Ninja Tune is an independent record label that is based in London, England (with satellite offices in Montreal and Los Angeles), created in 1990 by the duo known as Coldcut. Coldcut were pioneers of the emerging hip-hop/electro scene in the eighties. Inspired by a visit to Japan, Matt Black and Jonathon More (Coldcut) primarily created Ninja Tune to act as a vehicle by which they could release music of a more underground nature, free from the restraints placed on artists by major labels (the same restraints that were put on them via their brief stints with Arista and Big Life).
The first releases were heralded by the music press and afficionados simultaneously. The first four volumes of 'DJ Food - Jazz Brakes', produced by Coldcut, were comprised of instrumental hip-hop cuts, subsequently giving birth to the genre called 'trip-hop', and seen as indispensable tools for DJ's.
The label achieved a level of notoriety quickly, due to its funky style and commitment to eclecticism. Key in the labels success was the constantly growing roster of very different sounding artists.
With the musical and multi-media innovation of Black and More, the studio know-how and musical expertise of all the artists, the graphic vision of Openmind, and the sound business practices of the label managers and employees, Ninja Tune has grown into a label that prides itself on producing quality music while serving its artists in a way that no major label would. Also acting as the umbrella company to Big Dada, Counter + Motion Audio Records.
USSR The Theory Of Verticality
'Of the countless abstract hip-hop LPs released during 1996-1997 (with Ninja Tune bearing much of the load), U.S.S.R. Repertoire could be one of the best. DJ Vadim's attention to detail when structuring beats, samples and noise is impeccable over the course of the album's 26 tracks. With just the right blend of forbidding atmosphere and subtle funkiness, Vadim created an excellent album his first time out.
'DJ Vadim selected a baker's dozen of the best producers in the field for work on U.S.S.R. Reconstruction. From nu-school electro producers (Reflection, Clatterbox) to more like-minded beat-meisters (DJ Krush, Silent Poets, Kid Koala) and free-form experimenters (Oval, Techno Animal), the album flows without a hitch through the darkest hip-hop and beat exploration, though the material never becomes as abstract as on Vadim's debut.' - John Bush (allmusic.com)
USSR Life From The Other Side
"Controversy struck with the album USSR: Life From The Other Side (1999). The LP featured Co Flow and Iriscience (from Dilated Peoples) amongst others and caused quite a storm in USA with the track Your Revolution featuring Def Jam poetess Sarah Jones. The FCC in the USA cited explicit and provocative lyrics when they banned this song and the underground classic The Terrorist."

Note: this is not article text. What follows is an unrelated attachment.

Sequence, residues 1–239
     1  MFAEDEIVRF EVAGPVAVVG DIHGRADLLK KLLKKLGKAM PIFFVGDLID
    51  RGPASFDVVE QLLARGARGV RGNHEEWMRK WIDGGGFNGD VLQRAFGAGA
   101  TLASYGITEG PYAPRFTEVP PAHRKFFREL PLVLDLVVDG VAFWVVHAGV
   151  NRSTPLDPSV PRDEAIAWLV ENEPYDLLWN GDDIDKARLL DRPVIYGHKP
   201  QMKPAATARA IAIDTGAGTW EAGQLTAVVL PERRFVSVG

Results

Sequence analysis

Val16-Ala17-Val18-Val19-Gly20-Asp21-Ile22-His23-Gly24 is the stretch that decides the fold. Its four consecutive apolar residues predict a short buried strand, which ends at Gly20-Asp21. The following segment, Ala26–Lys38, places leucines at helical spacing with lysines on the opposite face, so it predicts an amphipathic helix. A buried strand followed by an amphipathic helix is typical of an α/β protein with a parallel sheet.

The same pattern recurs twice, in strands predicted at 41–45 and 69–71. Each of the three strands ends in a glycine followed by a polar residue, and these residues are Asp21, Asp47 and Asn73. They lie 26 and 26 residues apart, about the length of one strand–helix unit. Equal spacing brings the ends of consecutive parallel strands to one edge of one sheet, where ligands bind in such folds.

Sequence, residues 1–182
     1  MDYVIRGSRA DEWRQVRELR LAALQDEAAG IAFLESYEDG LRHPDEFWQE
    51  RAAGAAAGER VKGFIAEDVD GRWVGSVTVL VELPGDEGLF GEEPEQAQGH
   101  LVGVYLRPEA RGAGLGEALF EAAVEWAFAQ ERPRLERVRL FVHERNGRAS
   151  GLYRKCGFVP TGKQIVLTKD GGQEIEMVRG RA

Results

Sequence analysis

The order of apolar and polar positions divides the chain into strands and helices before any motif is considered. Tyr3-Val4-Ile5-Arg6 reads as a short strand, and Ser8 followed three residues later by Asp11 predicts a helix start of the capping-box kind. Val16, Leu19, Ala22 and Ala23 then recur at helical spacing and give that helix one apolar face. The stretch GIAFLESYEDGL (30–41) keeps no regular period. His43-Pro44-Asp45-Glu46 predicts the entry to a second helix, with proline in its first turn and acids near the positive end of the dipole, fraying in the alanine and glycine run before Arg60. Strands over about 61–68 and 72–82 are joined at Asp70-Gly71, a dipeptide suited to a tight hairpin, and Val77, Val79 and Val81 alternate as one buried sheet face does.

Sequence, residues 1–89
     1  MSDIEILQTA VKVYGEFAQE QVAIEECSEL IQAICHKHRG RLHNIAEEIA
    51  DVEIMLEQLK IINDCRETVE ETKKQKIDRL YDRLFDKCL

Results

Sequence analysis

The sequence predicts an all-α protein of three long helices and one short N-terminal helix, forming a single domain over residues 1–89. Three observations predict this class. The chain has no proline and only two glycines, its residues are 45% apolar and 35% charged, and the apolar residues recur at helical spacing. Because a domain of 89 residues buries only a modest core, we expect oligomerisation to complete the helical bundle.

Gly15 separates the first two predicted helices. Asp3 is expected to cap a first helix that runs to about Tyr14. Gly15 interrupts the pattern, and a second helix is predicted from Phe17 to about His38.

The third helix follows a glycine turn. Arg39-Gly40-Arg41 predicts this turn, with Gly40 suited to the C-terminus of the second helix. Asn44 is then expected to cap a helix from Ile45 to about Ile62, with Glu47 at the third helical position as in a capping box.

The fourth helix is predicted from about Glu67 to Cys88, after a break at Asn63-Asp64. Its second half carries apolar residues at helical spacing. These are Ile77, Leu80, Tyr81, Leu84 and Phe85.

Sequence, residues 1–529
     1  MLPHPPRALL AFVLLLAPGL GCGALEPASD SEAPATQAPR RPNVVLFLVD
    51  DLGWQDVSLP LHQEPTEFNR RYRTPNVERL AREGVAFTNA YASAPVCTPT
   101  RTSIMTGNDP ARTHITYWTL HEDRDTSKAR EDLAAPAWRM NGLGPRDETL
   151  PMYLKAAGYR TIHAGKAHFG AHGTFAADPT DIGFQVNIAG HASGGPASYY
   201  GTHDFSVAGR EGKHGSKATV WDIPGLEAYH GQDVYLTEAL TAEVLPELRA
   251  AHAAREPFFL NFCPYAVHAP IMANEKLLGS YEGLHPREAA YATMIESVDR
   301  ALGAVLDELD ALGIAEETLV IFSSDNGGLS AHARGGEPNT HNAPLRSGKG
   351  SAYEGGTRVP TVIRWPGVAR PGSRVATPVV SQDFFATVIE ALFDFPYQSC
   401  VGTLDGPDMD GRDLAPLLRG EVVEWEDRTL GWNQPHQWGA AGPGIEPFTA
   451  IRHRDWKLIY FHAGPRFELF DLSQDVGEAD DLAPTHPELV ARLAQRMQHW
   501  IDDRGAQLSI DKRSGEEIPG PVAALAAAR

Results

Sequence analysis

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USSR - The Art of Listening
"U.S.S.R.: The Art of Listening, even more than its predecessor, represents a large leap toward the rapping side of hip-hop, with guests on every track but one and virtually no space for the exquisite ambient breakbeat of previous DJ Vadim productions. It's difficult to mourn the loss of Vadim the solo artist, though, when the tracks and productions found here are so refreshing and totally distinct. All but one of the rappers are fresh faces (for a Vadim LP), which paves the way for talented newcomers (Yarah Bravo, Phi-Life Cypher, Vakill, TTC), some of whom have their own releases but all of whom will benefit from more attention. Vadim continues to strip his productions down, so far in fact that occasionally there's more space between the sounds than there are sounds themselves. One of the best tracks, "It's On" features the excellent Vakill freestyling over some standard jazz keys but also a few blink-and-miss-it samples: jew's harp, the distinctive sound of Japanese noh music, and a precious few grunts and moans from an earthy blues vocalist. Yarah Bravo is easily the most distinctive rapper here; she plays with her rhymes, drawling like a sloshed debutante and practically tripping over her own vocals like the hip-hop equivalent of Jackie Chan's drunken master. Gift of Gab from Blackalicious brings it back to the earthier side of alternative (read: American) rap with the deep groove "Combustible," but great features for Phi-Life Cypher and Demolition Man return to the up-and-coming British sound of ragga flow over heavily distorted analogue synth. While his sizable generosity -- inviting an assortment of voices to appear on his own album -- initially appears to be a fault, it quickly becomes clear this is a blessed virtue instead." - John Bush (allmusic.com)
The Art of Listening by DJ Vadim